All Minds Matter and this Group Proves itcsudhbulletin November 27, 2019 0 COMMENTS
Board members of Mind Matters at CSUDH. Photo by Yesenia Flores
By Yesenia Flores
Minds Matter at CSUDH is not just another student-led mental health advocacy and support group on campus. It aims to raise mental health awareness on campus and in surrounding communities, one person at a time, by reaching out to anyone who has an interest in being a mental health advocate, or is currently dealing with a mental illness.
“The difference with our group is that we wanted to have a peer-to-peer approach and create a safe space for people to come and share about their day, talk about what’s stressing them out and not feel judged,” Jonisha Garcia, a psychology major and founder of the group said. “We’re opening up the floor for anyone and everyone.”
The group’s meetings are designed in two parts. The first centers on a presentation about a specific topic relating to mental illness and the second consists of a conversation about the topic and a safe space to share personal problems and experiences. Although participation is welcomed, there is no pressure to talk as one can simply sit, listen, or participate whenever they feel comfortable.
The need for education in the mental illness realm is abundant, not only amongst our peers but also our own families, said Jessica Maximo, a psychology major and board member.
“In my family, we’re Mexican, we’re not supposed to see mental illness,” she said. “We’re not supposed to accept it.”
In some cultures, mental illness is not acknowledged, or people who suffer from it are written off as lazy. In others, the prevailing sentiment is that it is easily surmountable simply by thinking happy thoughts. Some people are taught to put on a happy face and ignore all signs of mental illness. The necessity of spreading education about mental illness exists, which is why Minds Matter At CSUDH decided to initiate their group.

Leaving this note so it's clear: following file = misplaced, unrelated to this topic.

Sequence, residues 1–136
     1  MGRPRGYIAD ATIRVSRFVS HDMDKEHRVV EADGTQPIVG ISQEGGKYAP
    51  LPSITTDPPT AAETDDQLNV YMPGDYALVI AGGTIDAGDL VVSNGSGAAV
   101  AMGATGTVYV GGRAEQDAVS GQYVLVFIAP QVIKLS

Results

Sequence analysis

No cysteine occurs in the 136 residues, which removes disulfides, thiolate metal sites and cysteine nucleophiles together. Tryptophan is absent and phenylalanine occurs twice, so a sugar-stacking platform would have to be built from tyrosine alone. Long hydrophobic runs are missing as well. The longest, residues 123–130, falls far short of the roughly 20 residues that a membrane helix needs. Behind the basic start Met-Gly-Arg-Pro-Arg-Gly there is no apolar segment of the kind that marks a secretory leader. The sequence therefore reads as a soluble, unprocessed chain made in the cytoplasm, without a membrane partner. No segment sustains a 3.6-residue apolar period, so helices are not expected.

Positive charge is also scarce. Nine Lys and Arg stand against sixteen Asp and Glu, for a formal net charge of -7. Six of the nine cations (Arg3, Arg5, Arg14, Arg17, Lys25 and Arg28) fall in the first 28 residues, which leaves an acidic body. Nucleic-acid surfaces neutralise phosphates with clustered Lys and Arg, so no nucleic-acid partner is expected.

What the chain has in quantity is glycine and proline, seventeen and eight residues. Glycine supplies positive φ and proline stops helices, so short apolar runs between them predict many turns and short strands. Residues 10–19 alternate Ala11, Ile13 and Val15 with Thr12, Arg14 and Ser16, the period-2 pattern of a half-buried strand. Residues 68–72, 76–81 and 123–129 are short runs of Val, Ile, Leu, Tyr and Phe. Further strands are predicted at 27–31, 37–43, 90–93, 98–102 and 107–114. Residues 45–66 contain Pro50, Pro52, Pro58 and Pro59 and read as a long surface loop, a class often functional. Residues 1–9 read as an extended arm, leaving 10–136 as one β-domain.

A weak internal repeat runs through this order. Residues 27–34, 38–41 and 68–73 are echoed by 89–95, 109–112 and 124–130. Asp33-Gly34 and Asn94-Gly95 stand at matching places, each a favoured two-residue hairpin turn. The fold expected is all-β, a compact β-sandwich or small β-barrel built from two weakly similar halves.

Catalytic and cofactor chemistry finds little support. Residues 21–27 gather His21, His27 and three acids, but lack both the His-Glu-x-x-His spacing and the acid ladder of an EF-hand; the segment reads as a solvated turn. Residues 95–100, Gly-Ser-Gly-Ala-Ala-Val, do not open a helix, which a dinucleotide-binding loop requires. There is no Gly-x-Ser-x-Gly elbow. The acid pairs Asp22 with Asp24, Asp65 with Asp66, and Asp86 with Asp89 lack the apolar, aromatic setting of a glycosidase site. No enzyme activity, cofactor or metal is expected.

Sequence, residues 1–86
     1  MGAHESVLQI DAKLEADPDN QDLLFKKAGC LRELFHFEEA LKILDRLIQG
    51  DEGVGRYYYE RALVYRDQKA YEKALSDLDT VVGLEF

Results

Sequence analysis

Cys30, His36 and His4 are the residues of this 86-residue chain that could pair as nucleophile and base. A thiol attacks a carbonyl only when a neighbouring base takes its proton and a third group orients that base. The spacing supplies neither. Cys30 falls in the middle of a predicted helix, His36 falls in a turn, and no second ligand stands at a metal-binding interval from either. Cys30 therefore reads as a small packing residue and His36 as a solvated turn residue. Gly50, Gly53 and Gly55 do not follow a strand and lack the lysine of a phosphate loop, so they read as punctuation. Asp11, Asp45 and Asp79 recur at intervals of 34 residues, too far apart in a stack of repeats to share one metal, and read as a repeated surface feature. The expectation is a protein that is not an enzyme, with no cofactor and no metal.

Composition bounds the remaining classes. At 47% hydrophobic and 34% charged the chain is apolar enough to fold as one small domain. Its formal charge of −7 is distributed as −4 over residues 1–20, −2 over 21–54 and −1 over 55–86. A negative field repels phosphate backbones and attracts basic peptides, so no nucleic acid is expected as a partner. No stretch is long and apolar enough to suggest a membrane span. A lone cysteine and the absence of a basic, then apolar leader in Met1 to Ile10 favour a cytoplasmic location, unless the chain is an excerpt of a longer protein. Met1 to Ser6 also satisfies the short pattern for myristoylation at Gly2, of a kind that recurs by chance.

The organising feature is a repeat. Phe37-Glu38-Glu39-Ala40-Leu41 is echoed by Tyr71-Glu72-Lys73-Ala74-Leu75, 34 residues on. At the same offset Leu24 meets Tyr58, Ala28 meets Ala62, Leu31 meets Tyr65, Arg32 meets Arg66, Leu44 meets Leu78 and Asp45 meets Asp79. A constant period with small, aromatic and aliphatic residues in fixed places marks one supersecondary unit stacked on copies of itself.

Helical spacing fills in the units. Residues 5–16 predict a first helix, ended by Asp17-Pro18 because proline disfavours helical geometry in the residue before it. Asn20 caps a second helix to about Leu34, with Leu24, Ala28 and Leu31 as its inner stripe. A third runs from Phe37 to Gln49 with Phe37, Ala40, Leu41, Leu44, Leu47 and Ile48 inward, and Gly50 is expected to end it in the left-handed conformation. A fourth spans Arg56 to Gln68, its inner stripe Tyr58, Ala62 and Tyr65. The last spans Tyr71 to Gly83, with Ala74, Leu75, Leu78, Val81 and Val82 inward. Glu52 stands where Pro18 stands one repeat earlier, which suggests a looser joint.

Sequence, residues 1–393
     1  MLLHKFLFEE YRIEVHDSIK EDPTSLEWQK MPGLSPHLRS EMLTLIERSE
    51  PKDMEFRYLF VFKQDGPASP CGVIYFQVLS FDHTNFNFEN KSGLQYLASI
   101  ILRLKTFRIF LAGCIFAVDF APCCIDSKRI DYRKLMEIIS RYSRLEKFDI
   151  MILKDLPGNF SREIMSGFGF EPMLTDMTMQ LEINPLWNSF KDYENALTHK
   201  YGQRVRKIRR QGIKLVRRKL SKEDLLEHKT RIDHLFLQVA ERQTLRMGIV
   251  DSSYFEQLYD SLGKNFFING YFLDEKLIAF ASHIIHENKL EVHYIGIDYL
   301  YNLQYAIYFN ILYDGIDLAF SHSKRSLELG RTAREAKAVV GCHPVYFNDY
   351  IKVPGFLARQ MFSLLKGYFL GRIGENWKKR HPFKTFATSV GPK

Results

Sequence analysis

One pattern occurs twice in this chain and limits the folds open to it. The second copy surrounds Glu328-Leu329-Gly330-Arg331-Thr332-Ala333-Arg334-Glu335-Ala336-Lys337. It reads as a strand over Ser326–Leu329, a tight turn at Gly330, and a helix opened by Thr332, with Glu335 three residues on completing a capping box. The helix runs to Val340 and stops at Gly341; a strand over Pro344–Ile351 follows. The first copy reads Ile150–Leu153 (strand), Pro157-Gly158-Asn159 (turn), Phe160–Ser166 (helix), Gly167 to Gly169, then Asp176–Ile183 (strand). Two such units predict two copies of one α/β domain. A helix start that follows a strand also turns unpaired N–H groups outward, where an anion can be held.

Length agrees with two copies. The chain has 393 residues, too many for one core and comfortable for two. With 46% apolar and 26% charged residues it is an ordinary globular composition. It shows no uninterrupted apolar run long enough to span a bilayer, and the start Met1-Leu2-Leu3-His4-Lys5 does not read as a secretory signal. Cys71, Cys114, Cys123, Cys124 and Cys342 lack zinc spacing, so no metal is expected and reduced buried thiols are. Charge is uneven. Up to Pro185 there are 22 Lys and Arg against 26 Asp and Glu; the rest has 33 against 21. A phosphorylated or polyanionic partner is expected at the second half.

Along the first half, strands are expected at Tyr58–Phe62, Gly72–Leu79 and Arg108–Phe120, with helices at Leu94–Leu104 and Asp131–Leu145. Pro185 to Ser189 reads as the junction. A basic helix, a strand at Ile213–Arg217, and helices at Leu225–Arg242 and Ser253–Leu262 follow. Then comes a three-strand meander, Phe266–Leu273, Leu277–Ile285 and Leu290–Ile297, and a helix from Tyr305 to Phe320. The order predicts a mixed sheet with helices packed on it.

Those who work in mental health fields see first hand the lack of knowledge and empathy surrounding mental health.
“I’m in the field for mental health recovery and being there I realized a lot of people have the wrong information,” Wendy Garduno, a human services major and board member said. “With a simple, ‘Oh no, it’s actually this and not that,’ simply educating people can really change a person’s perspective on mental illness disorders.”
Elvia Zapata, a psychology major and board member, agrees.
“Evidently, education goes a long way and having someone to talk to that understands what it’s like to have a mental illness or is simply informed about the subject and is not judgemental is always comforting,” Zapata said.
Although Minds Matter At CSUDH is not an official club on campus as of now, it is supported by the Student Health and Psychological Services and the National Alliance on Mental Health (NAMI).
The organization has professional expertise in two members of NAMI South Bay: its president, Paul Stansbury, and education coordinator Rick Pulid. They assist the group by sharing their experience and knowledge, give suggestions on how to improve outreach, and help arrange speakers to come in during meetings and engage members in conversation around specific topics.
“Once it becomes an official club next semester, they will change their title and partner with NAMI to bring a NAMI On Campus chapter to CSUDH,” Carolina Gomez Herrera, a psychology major, and board member said.
Minds Matter At CSUDH will meet Nov. 13 & 25 and Dec. 9 in LSU Meeting Room 323 between 1- 2 pm.